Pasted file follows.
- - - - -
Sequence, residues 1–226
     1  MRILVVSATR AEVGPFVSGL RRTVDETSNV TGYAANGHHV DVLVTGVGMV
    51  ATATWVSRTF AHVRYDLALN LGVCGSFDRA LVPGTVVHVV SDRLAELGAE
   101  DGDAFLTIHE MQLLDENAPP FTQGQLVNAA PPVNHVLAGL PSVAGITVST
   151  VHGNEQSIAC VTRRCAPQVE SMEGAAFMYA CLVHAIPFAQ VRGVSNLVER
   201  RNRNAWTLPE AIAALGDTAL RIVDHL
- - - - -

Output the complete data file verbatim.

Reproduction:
Sequence, residues 1–226
     1  MRILVVSATR AEVGPFVSGL RRTVDETSNV TGYAANGHHV DVLVTGVGMV
    51  ATATWVSRTF AHVRYDLALN LGVCGSFDRA LVPGTVVHVV SDRLAELGAE
   101  DGDAFLTIHE MQLLDENAPP FTQGQLVNAA PPVNHVLAGL PSVAGITVST
   151  VHGNEQSIAC VTRRCAPQVE SMEGAAFMYA CLVHAIPFAQ VRGVSNLVER
   201  RNRNAWTLPE AIAALGDTAL RIVDHL